Pubdate: Thu, 23 May 2002
Source: San Francisco Examiner (CA)
Copyright: 2002 San Francisco Examiner
Author: Dan Evans, Of The Examiner Staff
Bookmark: (Cannabis - California)
Bookmark: (Cannabis - Medicinal)


In a green room in the Castro, 40 people of different races, ages and 
ailments meet every Friday to eat, socialize, watch movies and get stoned.

Even though state law allows sick people to smoke marijuana -- and our 
local health department and district attorney support the right for people 
who are ill to toke -- recent federal crackdowns have caused some of The 
City's medical marijuana clubs to shut their doors.

The pot clubs will not die; they will go underground, say activists.

Clubs will function such as the Castro group, an ultimate speakeasy where 
patients buy their drugs at places such as Dolores Park but meet at a 
central place to smoke it.

Californians Helping Alleviate Medical Problems (CHAMP), which opened the 
day before Californians approved Proposition 215 in 1996, stopped selling 
marijuana earlier this month.

It will continue, however, to provide a place for members to gather -- at 
least until the lease runs out at the end of the month.

Brother Wayne is the group's spiritual leader. He contracted HIV from a 
blood transfusion in 1982.

He smokes pot to relieve the pain caused from complications of the disease 
and the side effects of anti-viral medication.

During a recent meeting, the 53-year-old toker wore a green knit cap, large 
sunglasses and a latex glove on one hand.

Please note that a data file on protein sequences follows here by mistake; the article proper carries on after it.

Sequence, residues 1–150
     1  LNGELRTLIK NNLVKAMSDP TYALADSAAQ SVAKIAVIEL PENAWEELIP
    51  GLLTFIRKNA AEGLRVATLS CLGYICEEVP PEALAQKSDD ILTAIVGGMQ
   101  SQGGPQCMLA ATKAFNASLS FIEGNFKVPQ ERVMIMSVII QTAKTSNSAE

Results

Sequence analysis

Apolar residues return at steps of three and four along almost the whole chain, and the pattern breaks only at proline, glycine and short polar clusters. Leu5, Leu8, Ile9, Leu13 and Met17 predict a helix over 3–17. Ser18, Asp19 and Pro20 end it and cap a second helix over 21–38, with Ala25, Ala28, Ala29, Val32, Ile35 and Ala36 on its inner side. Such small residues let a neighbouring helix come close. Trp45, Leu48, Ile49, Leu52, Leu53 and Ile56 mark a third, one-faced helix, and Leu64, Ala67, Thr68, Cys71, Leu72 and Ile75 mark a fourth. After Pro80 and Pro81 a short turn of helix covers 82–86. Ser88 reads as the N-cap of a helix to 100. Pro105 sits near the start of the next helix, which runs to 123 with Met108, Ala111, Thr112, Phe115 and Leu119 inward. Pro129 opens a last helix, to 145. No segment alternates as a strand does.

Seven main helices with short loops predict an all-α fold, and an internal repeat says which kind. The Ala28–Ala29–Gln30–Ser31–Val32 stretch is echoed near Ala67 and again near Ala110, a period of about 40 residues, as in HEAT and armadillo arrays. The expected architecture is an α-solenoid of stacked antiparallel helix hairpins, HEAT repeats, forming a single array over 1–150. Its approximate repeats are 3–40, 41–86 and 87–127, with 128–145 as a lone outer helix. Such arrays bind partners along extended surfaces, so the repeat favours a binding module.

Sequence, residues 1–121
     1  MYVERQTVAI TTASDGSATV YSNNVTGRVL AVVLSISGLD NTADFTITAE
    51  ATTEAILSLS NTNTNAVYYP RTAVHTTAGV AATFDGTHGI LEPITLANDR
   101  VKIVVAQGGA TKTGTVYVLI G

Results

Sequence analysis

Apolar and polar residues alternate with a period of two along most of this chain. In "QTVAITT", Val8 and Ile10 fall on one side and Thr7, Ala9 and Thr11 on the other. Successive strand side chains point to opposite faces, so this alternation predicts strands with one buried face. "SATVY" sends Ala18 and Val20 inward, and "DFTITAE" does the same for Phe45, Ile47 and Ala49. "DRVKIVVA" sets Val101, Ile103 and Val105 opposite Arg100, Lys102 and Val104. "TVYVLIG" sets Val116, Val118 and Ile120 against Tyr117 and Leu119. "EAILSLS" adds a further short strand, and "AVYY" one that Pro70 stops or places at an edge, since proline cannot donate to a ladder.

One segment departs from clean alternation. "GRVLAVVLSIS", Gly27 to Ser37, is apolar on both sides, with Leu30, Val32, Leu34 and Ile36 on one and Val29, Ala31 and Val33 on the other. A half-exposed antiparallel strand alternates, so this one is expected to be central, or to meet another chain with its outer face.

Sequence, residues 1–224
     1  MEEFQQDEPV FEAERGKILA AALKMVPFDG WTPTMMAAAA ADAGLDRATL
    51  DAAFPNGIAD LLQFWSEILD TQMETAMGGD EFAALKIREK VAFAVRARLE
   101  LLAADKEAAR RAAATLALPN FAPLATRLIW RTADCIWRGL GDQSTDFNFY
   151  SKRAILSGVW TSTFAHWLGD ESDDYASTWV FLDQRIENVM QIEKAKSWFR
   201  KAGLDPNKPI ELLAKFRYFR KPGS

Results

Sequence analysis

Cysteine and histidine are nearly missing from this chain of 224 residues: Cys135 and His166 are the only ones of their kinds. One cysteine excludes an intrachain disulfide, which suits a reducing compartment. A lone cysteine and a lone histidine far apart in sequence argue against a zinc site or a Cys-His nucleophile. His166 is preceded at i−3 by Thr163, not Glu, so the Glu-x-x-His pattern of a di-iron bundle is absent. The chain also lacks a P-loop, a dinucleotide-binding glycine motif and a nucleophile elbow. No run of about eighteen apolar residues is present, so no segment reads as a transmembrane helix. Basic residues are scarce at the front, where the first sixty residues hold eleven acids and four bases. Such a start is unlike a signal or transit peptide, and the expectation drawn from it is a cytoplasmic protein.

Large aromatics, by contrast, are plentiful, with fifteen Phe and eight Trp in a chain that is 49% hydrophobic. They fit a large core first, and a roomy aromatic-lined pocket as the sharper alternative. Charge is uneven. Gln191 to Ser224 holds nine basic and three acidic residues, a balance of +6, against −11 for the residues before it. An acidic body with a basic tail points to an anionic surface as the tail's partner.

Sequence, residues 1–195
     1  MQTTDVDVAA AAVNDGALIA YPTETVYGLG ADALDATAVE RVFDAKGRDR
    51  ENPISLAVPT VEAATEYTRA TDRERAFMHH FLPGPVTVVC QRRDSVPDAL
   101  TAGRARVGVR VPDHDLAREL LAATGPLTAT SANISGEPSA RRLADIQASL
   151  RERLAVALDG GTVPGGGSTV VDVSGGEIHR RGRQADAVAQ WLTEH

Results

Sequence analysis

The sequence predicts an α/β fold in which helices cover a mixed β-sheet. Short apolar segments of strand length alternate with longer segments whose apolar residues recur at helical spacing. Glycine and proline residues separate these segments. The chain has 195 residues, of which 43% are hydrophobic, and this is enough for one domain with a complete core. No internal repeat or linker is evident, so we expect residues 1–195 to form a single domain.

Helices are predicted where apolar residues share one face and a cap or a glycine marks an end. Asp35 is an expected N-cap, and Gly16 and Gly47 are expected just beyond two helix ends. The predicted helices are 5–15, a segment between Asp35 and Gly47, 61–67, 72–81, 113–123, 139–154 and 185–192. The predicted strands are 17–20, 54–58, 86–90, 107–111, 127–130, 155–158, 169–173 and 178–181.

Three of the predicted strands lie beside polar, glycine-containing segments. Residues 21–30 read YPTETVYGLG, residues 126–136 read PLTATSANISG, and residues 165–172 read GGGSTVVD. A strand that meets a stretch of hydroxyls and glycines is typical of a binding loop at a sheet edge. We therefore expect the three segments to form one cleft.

His bones are so brittle from HIV drugs that he could break his hand 
picking up a folding chair.

"They will close all the other clubs and the crime rate will go up," he 
said, as the night's movie, "Reservoir Dogs," played in the background.

"I am a law-abiding citizen, but I will get someone to get (pot) from the 
park if I have to."

Wayne is similar to many of the patients there who seek aid from the 
intoxicating herb. He believes pot should be smoked in a group setting.

It's a way to keep the culture alive.

"Where else are they going to go?" asked Michael Barbitta, who runs the 
group. "When you have a chronic disease, you need to be around others to 
socialize. The clubs give that. The park doesn't."

There are problems with running a pot club social. Allowing pot to be 
smoked, even if CHAMP isn't selling it, constitutes running a drug house, 
Barbitta said.

There is also the matter of the $4,000 monthly rent.

With no income coming in from pot sales, and with many of CHAMP's members 
straddling the poverty line, finding future meeting places will be tough.

For now, the main room at CHAMP is a stoners' den. It looks much like a 
coffee shop, with comfortable tables and couches throughout, and popcorn 
and pretzels in little dishes on side tables.

Huge piles of steaming chicken wings wait on a table near a kitchenette for 
when the munchies hit.
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